Presented by: Professor Frank Sanderson
Honorable Pro-Chancellor, I have pleasure in presenting Andrew Holroyd OBE for the award of an Honorary Fellowship from Liverpool John Moores University.
Andrew Holroyd is the President of The Law Society, the professional body representing the interests of the 125,000 solicitors practising in England and Wales and another 20,000 members in over 70 countries. The society is there to help protect and promote solicitors across the country in a range of ways, from negotiating with and lobbying the profession's regulators and central government to offering training and advice.
Andrew, the first Liverpool lawyer to become President in 25 years, has enjoyed a long and distinguished career as a leading Liverpool solicitor serving the inner city communities. He maintains that he would not have reached this elevated status but for the Toxteth Riots of 1981.'Becoming President was really by chance rather than design,' he believes.
Following the riots, during which Andrew's office in the Rialto Building on Upper Parliament Street was burnt down, Liverpool Law Society were looking to appoint someone to its committee who had a good working knowledge of the area. Andrew, an immigration law specialist, was the ideal candidate and was duly appointed.
Andrew was born in Liverpool in 1948. After his schooling in Liverpool where he did well academically, Andrew completed a Law degree at the University of Nottingham, followed by his solicitors' finals.
Despite his father being a lawyer, Andrew was still uncertain about a career, and went to Indonesia to work for VSO. This experience convinced him to be a lawyer: "I wanted to change the world in the best way I could", he recalls, "and thought that I could do it better at home than as a stranger in another country."
Back in the UK, he joined Alsop Stevens Batesons, the largest commercial law firm in Liverpool, and there he enjoyed excellent training in shipping law and commercial litigation. But his experience in Indonesia had given him an ambition to use his skills to support the disadvantaged, and so in 1975 he joined Jackson & Canter, a small firm in inner-city Liverpool.
He became a partner in 1977, and for over 3 decades there in which time he has become the longest serving partner, he has worked to ameliorate the problems of urban deprivation: dealing with issues such as housing, family law, welfare benefits, immigration, and children taken into care, under the headline "helping people who need it most".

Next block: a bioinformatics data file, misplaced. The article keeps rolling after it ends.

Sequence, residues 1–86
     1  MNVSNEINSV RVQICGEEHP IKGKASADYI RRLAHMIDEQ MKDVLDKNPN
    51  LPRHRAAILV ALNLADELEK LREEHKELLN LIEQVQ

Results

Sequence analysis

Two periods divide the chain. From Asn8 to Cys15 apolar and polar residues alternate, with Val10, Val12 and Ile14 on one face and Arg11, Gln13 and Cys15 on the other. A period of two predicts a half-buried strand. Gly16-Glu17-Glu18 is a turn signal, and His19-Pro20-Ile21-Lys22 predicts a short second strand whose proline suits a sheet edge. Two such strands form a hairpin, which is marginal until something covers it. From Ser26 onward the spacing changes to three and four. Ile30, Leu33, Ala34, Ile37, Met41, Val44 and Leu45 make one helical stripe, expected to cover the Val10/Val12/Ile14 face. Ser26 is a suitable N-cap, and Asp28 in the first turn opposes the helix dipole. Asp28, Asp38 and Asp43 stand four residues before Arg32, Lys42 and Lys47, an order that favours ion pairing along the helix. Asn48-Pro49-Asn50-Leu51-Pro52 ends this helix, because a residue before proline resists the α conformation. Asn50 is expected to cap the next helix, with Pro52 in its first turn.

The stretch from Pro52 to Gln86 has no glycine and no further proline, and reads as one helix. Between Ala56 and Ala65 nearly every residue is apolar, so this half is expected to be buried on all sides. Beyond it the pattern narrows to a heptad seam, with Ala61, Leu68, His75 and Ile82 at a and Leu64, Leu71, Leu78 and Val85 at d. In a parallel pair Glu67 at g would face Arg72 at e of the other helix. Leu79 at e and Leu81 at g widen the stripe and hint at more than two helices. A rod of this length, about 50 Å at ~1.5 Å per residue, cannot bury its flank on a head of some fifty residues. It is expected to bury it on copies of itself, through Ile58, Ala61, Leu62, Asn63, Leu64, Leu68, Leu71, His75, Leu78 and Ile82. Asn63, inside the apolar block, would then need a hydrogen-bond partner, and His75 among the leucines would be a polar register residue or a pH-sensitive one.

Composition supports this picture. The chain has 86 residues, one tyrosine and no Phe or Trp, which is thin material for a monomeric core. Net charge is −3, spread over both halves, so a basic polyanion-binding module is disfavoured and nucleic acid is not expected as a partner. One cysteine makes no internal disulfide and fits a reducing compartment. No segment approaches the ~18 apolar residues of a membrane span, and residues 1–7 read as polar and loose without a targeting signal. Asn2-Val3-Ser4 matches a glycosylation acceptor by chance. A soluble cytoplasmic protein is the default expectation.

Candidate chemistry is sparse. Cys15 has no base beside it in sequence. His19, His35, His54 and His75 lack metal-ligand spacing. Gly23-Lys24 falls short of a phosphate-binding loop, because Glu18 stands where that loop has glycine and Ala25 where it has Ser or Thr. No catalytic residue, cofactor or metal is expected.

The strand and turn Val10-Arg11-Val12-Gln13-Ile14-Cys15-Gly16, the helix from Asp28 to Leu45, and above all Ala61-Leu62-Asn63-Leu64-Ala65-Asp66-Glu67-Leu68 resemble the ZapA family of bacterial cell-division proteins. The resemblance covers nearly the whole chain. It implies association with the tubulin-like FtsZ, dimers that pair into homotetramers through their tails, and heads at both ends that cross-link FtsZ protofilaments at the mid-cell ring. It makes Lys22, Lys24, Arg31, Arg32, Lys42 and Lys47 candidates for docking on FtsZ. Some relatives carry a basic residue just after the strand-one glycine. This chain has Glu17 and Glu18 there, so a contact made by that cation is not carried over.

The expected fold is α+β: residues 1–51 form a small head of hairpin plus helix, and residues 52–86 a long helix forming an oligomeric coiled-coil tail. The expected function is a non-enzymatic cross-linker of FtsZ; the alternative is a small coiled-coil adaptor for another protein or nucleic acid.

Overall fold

He is confident that the firm has made a real difference to people's lives not only by offering legal protection but also by influencing social policy, leading for example to improvements in how the police interact with people in the inner city.
Following his appointment to the committee in the 1980s, Andrew became president of the Liverpool Law Society in 1993 before being persuaded to take over the seat for Merseyside on the national Law Society Council in 1996. He then achieved a high profile on the council through chairing the training committee and then the standards board. In 2003, he was awarded a well-deserved OBE for his services to publicly funded legal work.
In 2005, Andrew was chosen to be Deputy Vice President elect by members of the Law Society Council, becoming Vice President in 2007, and President this year. A theme of his year of office has been to examine what professionalism really means in the 21st century to law firms large and small, raising issues such as pro bono, quality of life, the environment and diversity.
In October, he oversaw the launch of the Law Society's Excellence Awards which celebrate innovation in the profession. And he has placed special emphasis on the core values in the new Solicitors Code of Conduct which he says "tell you all you need to know about what lawyers should be like in the 21st Century": upholding the rule of law, which includes the principle of equal access to justice and the rule of law integrity independence confidentiality good client service and upholding the reputation of the profession
Outside of his legal work, Andrew is a Methodist lay preacher on the Liverpool south circuit and is a staunch Evertonian.
Lawyers and the legal profession don't always enjoy a good press, but Andrew Holroyd's strong belief that promoting access to justice and "redressing the balance of power between the powerful and powerless" are central to the lawyer's role makes him an ideal president of the Law Society and a great credit to his profession.
He pursues a noble cause in using the law as a tool to make a positive difference to people's lives and we would like to acknowledge today his public spiritedness, his unstinting support for the underdog, and his manifest humanity.
Thus I have pleasure in presenting Andrew Holroyd, this most distinguished person and son of our region, for admission to our highest honour of Fellow of Liverpool John Moores University.